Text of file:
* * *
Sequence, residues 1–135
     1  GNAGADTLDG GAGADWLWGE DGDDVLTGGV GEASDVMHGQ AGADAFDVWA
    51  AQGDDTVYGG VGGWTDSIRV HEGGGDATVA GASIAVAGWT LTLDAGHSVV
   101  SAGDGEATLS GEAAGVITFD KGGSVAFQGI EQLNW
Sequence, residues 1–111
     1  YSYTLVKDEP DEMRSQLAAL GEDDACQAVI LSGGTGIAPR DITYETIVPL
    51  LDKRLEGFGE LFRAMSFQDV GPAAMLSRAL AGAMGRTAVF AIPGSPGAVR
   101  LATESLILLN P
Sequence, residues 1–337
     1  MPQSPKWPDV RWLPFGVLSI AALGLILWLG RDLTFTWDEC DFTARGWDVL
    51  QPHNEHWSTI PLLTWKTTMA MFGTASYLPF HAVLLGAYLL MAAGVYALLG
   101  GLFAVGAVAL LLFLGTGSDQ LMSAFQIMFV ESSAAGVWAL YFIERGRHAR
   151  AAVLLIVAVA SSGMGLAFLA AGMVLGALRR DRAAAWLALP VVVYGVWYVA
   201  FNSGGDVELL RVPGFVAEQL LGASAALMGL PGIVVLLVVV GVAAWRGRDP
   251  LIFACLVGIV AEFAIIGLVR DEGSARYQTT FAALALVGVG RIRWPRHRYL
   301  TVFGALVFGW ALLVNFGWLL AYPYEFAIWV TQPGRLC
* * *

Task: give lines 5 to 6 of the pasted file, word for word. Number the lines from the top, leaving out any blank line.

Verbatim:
Sequence, residues 1–111
     1  YSYTLVKDEP DEMRSQLAAL GEDDACQAVI LSGGTGIAPR DITYETIVPL